Advertisements

Lesser Known AVAs: Sierra Foothills

luc_ft_m1_sp12

I know what you’re thinking: “I’ve heard of the Sierra Foothills AVA. I wouldn’t call it ‘lesser known.'” Yes, I know. Nevertheless, too often the big, East Coast wine and food magazines, websites, and blogs overlook this region when reviewing wines, making their “Top 100” lists, and generally writing about wine and wine country. Tourists often overlook the Sierra Foothills when planning Northern California wine country travel, favoring the more famous Napa and Sonoma regions, and recently, Lodi. *

The wineries of the Sierra Foothills AVA and it’s five sub-appellations produce some outstanding wines. Most of these are small, independent producers. As an under-recognized wine region, it is not as commercialized as Napa/Sonoma, and therefore is generally less expensive to visit. Many wineries still offer free tasting, and few charge more than $5, which is refunded with a wine purchase.

AVA County Map

From pastoral, rolling hills; to hilltop vistas; to lush, forested hideaways, the Sierra Foothills AVA spans eight counties and more than 2,600,000 acres. [1] With hot, dry summers, grapes of nearly all varieties thrive here, but for my palate, and in my humble opinion, Italian and Spanish varietals are the best. Albariño to Zinfandel, Sierra Foothills wineries produce exciting, delicious wines.

Rolling Hills  VCW_D_GC_T8_HelwigWinery_Flippen-1280x642Fitzpatrick View

Wine history somewhat parallels gold rush history here. In 1848, Gold was discovered at Sutter’s Mill, in GoldPanning1889-locEl Dorado County, in the heart of what is now the Sierra Foothills AVA. This created the famed Gold Rush that brought prospectors westward in droves. In addition to the miners, many entrepreneurs came west, sensing the opportunity to prosper by selling supplies to the “forty-niners” (a reference to 1849, when the Gold Rush really got going.) Among these entrepreneurs were many European immigrants, who brought grape vines with them. [2] Zinfandel thrived in the region, and is still the largest planted varietal, [3] with many vines more than 100 years old. Modern day winemakers produce some stunning Zinfandel wines, ranging from dry and spicy, to big and jammy.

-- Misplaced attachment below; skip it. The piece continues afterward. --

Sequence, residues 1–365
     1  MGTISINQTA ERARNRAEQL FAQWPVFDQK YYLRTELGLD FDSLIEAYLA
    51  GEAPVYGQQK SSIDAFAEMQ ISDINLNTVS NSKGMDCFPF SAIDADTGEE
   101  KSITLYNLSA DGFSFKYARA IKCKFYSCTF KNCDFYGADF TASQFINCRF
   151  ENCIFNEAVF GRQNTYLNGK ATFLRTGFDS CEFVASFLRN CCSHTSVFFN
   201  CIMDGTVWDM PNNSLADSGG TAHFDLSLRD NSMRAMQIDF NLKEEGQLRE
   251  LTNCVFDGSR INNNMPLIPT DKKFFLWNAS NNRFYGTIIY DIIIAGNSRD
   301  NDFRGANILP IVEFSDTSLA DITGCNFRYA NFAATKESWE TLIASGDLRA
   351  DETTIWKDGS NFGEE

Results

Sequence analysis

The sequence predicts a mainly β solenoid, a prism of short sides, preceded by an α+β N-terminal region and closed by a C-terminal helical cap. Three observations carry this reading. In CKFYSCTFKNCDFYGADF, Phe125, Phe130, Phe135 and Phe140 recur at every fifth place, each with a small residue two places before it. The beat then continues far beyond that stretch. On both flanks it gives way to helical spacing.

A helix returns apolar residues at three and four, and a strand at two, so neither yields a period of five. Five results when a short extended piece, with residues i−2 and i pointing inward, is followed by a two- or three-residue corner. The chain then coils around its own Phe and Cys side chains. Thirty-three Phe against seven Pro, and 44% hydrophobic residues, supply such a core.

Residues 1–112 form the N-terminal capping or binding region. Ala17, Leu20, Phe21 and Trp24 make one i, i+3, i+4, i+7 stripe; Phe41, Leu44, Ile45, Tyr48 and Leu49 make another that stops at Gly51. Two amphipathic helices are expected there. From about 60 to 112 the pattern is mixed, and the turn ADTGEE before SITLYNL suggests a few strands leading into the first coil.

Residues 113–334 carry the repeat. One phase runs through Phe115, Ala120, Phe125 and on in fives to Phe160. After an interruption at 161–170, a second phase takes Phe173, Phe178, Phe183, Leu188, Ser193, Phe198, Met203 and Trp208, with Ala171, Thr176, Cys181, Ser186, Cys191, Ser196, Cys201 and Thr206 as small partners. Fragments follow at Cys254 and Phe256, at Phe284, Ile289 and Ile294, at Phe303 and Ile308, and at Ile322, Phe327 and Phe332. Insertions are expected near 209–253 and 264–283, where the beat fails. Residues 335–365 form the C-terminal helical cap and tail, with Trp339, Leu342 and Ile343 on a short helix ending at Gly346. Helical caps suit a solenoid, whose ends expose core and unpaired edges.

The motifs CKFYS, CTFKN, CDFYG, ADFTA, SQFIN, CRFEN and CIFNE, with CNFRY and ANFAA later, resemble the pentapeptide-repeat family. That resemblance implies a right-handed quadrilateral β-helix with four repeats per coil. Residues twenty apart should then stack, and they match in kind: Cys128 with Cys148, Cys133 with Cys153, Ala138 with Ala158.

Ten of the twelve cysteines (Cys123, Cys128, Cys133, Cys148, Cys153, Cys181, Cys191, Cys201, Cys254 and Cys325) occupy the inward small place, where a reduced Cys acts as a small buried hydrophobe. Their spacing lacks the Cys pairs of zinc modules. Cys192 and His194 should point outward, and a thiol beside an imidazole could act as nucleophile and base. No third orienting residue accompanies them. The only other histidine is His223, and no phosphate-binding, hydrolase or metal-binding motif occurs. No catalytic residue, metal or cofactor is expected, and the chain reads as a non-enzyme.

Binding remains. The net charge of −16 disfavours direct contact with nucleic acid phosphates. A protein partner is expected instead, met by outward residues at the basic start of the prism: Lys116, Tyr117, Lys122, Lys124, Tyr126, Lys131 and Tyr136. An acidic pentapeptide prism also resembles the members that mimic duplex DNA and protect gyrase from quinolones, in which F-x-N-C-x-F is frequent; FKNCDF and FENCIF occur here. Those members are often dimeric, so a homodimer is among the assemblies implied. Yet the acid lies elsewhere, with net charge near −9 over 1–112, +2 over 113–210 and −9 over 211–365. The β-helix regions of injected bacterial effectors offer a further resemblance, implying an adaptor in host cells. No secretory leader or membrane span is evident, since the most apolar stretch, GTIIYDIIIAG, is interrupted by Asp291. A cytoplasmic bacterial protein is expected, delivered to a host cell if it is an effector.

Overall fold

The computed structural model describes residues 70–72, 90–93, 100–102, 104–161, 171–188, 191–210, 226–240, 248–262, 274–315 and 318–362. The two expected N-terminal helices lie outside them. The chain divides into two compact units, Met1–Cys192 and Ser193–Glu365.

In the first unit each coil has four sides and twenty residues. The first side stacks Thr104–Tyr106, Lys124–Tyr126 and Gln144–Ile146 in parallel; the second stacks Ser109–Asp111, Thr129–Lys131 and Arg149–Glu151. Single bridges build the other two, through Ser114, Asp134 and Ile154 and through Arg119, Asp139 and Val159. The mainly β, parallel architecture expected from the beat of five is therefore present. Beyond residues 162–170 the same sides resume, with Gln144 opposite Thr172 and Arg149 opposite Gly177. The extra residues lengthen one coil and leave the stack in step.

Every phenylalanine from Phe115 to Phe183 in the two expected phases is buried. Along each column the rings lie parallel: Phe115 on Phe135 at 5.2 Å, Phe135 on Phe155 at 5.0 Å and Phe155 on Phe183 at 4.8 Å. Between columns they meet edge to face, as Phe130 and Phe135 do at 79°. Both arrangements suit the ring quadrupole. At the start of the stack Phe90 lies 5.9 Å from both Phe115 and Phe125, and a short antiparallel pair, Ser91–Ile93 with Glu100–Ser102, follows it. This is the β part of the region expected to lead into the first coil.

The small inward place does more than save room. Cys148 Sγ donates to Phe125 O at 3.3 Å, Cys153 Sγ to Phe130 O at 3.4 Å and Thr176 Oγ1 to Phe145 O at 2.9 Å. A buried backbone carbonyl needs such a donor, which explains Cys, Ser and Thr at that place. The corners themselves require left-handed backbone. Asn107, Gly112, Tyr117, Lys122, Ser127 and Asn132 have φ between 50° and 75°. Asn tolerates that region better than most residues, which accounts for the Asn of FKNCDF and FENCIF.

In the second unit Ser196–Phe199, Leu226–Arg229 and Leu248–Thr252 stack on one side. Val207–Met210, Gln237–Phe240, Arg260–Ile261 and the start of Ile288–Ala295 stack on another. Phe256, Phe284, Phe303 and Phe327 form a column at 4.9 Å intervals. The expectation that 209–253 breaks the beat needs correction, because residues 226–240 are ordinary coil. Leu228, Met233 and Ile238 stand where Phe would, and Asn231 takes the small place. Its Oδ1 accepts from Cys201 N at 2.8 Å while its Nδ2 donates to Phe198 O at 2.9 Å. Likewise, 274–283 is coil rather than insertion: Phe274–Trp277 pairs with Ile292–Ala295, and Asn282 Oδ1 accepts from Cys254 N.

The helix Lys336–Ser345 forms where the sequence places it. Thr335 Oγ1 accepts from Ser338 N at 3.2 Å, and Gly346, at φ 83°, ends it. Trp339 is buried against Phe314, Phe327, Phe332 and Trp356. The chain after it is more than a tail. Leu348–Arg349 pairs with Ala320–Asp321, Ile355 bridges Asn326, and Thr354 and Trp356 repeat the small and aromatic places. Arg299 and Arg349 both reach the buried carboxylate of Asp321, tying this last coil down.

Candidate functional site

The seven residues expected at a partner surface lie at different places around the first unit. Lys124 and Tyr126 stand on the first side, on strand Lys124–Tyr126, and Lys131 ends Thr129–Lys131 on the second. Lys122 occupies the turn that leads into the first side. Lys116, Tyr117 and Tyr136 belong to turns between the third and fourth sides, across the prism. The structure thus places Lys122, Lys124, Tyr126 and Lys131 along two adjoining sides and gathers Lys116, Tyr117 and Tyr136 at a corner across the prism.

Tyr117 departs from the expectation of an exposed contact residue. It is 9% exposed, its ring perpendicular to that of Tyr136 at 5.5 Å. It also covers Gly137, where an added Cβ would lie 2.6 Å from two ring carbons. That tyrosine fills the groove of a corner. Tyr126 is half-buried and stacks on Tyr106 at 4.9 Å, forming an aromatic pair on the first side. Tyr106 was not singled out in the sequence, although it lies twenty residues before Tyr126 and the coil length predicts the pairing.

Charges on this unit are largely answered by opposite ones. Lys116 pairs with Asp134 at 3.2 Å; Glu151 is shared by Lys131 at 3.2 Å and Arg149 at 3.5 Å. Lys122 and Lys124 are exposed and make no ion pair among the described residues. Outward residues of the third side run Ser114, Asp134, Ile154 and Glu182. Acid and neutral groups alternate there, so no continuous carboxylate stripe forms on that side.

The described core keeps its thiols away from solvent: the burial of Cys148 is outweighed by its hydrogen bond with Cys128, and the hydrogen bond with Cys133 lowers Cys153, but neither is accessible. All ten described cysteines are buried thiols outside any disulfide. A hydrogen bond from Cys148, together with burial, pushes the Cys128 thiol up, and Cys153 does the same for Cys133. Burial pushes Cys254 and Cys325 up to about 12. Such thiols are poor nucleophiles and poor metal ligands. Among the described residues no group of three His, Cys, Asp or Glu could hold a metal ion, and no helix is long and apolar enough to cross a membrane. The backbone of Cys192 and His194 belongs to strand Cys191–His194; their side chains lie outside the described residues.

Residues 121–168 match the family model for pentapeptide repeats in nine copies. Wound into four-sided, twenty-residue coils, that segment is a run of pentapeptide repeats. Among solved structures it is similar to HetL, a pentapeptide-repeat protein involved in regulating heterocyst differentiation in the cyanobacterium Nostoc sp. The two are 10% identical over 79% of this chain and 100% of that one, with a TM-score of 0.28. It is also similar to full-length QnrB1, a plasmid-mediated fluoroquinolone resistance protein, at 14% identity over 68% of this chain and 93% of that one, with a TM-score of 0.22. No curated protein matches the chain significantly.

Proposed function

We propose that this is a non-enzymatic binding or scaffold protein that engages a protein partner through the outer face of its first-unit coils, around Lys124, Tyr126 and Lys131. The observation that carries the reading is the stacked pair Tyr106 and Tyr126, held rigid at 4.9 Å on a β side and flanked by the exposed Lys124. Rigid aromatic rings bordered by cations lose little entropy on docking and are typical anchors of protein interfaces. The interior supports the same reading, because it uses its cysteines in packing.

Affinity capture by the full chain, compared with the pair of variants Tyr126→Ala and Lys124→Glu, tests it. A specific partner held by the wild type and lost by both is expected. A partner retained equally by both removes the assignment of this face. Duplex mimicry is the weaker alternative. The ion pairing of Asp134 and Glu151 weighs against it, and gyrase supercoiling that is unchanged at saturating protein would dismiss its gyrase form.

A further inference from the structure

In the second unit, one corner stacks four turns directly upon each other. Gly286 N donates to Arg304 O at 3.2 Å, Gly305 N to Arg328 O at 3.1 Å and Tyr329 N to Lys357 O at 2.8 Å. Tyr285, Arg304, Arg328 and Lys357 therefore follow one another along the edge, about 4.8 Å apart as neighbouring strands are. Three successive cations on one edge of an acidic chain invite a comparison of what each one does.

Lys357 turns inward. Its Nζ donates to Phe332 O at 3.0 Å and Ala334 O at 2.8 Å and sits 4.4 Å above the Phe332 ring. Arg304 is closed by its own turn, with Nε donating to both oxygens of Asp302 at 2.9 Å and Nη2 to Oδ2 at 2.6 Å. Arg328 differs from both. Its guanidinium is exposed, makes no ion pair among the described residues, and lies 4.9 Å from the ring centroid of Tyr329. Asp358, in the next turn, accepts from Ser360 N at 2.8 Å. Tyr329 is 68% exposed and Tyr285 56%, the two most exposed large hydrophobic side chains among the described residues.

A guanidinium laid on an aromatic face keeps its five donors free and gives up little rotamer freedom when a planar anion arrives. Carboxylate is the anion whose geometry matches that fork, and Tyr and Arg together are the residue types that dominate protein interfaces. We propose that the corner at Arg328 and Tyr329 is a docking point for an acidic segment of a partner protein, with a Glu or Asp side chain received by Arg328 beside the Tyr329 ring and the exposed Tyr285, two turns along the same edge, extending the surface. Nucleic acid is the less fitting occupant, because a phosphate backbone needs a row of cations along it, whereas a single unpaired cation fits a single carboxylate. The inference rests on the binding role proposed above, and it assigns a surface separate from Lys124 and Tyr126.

historic vineyard old vinesWhile the wines produced in the Sierra Foothills have Old World heritage, these are definitely New World wines. More fruit-driven and less acidic than their European ancestors, these wines are easily drinkable on their own, yet pair famously with food.

Stay tuned. Over the next weeks and months, I’ll be profiling each of the sub-appellations and other notable areas within the Sierra Foothills AVA. For a sample of what else is going on in the Sierra Foothills, check out my post “Destination: Calaveras Grape Stomp“.

* In the interest of full disclosure, I admit I am biased toward the Sierra Foothills AVA. I live 30-60 minutes from most of the wineries, and it was wines from this region that really got me started on my wine journey. Nevertheless, I really think the Sierra Foothills are underrated and oft overlooked by the big publishing houses, and therefore relatively unknown to many wine lovers. It is a wine region worthy of notice, and a visit if you’re out this way.

———————————————————————

[1] http://sierrafoothillswine.com/avas.html

[2] http://www.legendsofamerica.com/ca-napawineries.html

[3] http://www.everyvine.com/wine-regions/region/Sierra_Foothills/

Advertisements

Tagged: , , ,

7 thoughts on “Lesser Known AVAs: Sierra Foothills

  1. Caryn November 5, 2015 at 6:44 pm Reply

    Looks beautiful and sounds delicious. We are always looking for new places to explore on our next adventure for CA wines! Thanks for sharing.

    Like

    • Kent Reynolds November 5, 2015 at 6:58 pm Reply

      Caryn, I think you’d really enjoy it. It’s a much more laid back wine country experience. Thanks for your comment! Cheers!<

      Like

  2. mywinechannel July 25, 2016 at 1:58 pm Reply

    Is lovely over here. I love #Shenandoah Valley with they 40 wineries with high quality crafted wines that are hard to find in the market. Andis Wines and Domain della Terre Rouge are my favorite.

    Liked by 1 person

    • Appetite for Wine July 25, 2016 at 2:38 pm Reply

      I agree! It is beautiful countryside. Those are some of my favorites, although I haven’t found a winery I didn’t like in the Sierra Foothills.

      Liked by 1 person

  3. […] Lesser Known AVAs: Sierra Foothills […]

    Like

  4. […] Lesser Known AVAs: Sierra Foothills […]

    Like

  5. […] County is part of the larger Sierra Foothills AVA. Wine grapes were first planted in here in 1848. If that year seems familiar, it could be […]

    Like

Leave a Reply

Fill in your details below or click an icon to log in:

WordPress.com Logo

You are commenting using your WordPress.com account. Log Out / Change )

Twitter picture

You are commenting using your Twitter account. Log Out / Change )

Facebook photo

You are commenting using your Facebook account. Log Out / Change )

Google+ photo

You are commenting using your Google+ account. Log Out / Change )

Connecting to %s

%d bloggers like this: